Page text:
Revenue for 2019–20 was $245.4 million, compared to $235.2 million for 2018–19, an increase of $10.2 million.
This increase was mainly from the reversal of a pollution incident provision of $11.4 million recognised in 2018–19. Other movements in revenue include increases in departmental appropriations (by $5.5 million), and a rise in levy revenue (by $3.2 million), partially offset by reductions in insurance recoveries (by $4.5 million), reduced contributions to the national system for domestic commercial vessel safety from jurisdictions (by $2.7 million), and lower fee-based revenue as a result of COVID-19 pandemic impacts on industry (by $2.5 million).
Figure 2 shows the sources of revenue for 2019–20, with levy revenue broken down into the main vessel classification drivers. In 2019–20, approximately 33.7 per cent of total revenue was levy revenue from iron ore and coal bulk cargo vessels, with 33.4 per cent from departmental appropriations.
Levy revenue volumes
Figure 3 shows the total net registered tonnage of vessels contributing to levy revenue from 2015–16 to 2019–20, and the quantity (number of times vessels are liable for levies).
As illustrated, net tonnage has risen consistently from 290.8 million tonnes in 2015–16 to 323.2 million tonnes in 2019–20 (11.2% increase). Over this same period, the number of vessel visits liable for levies has also risen from 9,965 in 2015–16 to 10,529 in 2019–20, but at a lower rate (5.7%).
This is indicative that the size of vessels visiting Australian ports is increasing—the average net registered tonnage per vessel has risen from 29,792 tonnes in 2015–16 to 31,126 tonnes in 2019–20.
Operating expenditure for 2019–20 was $242.4 million, compared to $255.7 million in 2018–19, a reduction of $13.3 million.
Figure 4 shows changes to suppliers, employee benefits, depreciation, and other expenses for 2019–20 actual, 2019–20 budget, and 2018–19 actual results.
Supplier expense in the current year were $124.5 million compared to $140.6 million in 2018–19 (net of one-off provision of $27.1 million recognised in 2018–19). This decrease of $16.1 million mainly represents the shift in rent expenditure (suppliers) to deprecation under the new accounting standard for leases.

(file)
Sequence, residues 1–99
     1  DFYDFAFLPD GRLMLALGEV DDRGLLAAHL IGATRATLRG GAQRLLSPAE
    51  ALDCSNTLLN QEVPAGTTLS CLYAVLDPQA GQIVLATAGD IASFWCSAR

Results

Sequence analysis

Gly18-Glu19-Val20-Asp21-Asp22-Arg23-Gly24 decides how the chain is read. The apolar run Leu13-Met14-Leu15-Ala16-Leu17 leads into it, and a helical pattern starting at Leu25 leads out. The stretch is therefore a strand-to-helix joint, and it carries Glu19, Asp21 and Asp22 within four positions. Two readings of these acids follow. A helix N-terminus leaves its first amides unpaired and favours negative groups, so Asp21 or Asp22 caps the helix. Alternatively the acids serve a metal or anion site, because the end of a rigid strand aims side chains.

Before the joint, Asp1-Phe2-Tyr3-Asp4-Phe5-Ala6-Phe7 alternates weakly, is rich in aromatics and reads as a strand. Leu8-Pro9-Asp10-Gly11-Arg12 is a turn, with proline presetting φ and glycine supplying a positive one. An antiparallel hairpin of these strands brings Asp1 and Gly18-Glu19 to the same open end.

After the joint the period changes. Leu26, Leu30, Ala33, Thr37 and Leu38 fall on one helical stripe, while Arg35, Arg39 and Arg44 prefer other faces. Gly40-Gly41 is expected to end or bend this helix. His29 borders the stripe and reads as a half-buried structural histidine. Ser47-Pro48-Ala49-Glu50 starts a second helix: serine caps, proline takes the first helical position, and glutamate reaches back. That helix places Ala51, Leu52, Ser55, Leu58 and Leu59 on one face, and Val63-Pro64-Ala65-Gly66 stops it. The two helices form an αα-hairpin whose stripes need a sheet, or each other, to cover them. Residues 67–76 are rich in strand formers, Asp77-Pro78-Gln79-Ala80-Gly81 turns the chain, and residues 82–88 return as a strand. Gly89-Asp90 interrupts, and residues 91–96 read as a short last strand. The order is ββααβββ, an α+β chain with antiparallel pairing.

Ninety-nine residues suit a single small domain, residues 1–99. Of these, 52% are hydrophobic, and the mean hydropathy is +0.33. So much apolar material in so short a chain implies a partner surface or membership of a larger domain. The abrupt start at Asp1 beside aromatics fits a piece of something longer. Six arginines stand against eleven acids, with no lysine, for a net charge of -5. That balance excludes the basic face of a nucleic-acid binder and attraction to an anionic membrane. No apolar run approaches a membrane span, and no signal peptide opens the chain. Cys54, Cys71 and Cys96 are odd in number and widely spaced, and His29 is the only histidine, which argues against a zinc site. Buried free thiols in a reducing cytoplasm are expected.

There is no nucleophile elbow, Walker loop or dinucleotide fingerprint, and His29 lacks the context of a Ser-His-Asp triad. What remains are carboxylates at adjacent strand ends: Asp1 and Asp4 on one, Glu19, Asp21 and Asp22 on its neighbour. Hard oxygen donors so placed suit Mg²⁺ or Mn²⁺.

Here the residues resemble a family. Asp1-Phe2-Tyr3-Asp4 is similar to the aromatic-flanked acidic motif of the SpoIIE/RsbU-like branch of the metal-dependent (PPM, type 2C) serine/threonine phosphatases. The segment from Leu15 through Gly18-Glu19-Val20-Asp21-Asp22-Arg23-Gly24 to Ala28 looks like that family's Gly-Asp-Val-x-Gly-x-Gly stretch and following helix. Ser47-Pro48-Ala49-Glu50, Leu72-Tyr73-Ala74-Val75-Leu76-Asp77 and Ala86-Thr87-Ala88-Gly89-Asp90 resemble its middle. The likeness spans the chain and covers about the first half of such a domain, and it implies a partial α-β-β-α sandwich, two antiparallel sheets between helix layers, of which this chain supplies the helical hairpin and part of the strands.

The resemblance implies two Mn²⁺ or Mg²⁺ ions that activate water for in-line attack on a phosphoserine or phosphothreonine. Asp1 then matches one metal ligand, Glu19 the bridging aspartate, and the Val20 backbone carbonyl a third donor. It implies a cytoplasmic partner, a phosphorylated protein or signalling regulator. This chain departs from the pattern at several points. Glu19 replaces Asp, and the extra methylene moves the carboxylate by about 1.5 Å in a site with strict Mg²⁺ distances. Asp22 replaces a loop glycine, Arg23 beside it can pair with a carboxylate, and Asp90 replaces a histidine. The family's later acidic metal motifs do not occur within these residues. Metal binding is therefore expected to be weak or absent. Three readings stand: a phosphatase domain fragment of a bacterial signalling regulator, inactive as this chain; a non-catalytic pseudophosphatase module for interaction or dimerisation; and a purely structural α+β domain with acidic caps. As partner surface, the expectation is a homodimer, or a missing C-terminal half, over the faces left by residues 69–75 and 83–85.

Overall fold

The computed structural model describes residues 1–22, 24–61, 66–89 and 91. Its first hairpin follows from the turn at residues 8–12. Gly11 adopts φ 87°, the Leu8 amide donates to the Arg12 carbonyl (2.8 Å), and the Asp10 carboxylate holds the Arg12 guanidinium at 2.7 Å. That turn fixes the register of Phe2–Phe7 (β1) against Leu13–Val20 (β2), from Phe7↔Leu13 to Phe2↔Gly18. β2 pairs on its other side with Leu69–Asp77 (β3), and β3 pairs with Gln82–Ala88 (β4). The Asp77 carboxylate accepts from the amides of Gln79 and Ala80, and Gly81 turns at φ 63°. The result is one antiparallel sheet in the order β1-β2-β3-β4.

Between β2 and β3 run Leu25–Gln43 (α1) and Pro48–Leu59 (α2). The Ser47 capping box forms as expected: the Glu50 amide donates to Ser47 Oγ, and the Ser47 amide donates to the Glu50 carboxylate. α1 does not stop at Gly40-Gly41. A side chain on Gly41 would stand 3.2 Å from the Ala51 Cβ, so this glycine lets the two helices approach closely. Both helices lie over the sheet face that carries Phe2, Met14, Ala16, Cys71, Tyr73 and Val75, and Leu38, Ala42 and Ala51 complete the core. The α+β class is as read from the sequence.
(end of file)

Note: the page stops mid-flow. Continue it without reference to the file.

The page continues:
Employee expenses increased by $5.1 million, corresponding to an increase in the number of staff and salary increments.
Depreciation increased by $22.5 million, driven by the shift of rent expenditure from supplier expenses.
AMSA’s net cash position (including investments) as at 30 June 2020 was $89.7 million (2018–19: $109.7 million). This decrease of $20.0 million was mainly due to pollution clean-up operation expenditure of $15.7 million, with other operating and financing activities contributing $4.1 million.
AMSA is budgeting for a marginal surplus in 2020–21 and break-even positions for the next two forward years (2022–23 and 2023–24). AMSA’s cash position is expected to decrease marginally as the provision for lead paint and asbestos remediation work is undertaken on our aids to navigation network during the next few financial years.
A rebuild of the strategic asset management framework is underway to ensure AMSA’s asset portfolio is managed with an optimal and efficient mix of assets to meet AMSA’s policy outcomes. This will provide insights into cash flow impacts for the asset replacement program for the next 20 years.
Risks in 2020-21
As Australia is offically in a recession, discretionary consumer spending is very likely to remain flat or contract in 2020–21, accompanied by a reduction in the quantity of imports and related vessels visiting Australian ports. This will likely result in a heavier reliance on bulk cargo vessels, in particular iron ore exports, to generate AMSA’s levy revenue.
AMSA will be working within the framework of the larger Commonwealth budgeting strategy to ensure that its regulatory services are delivered as efficiently and effectively as required to ensure compliance with maritime safety standards.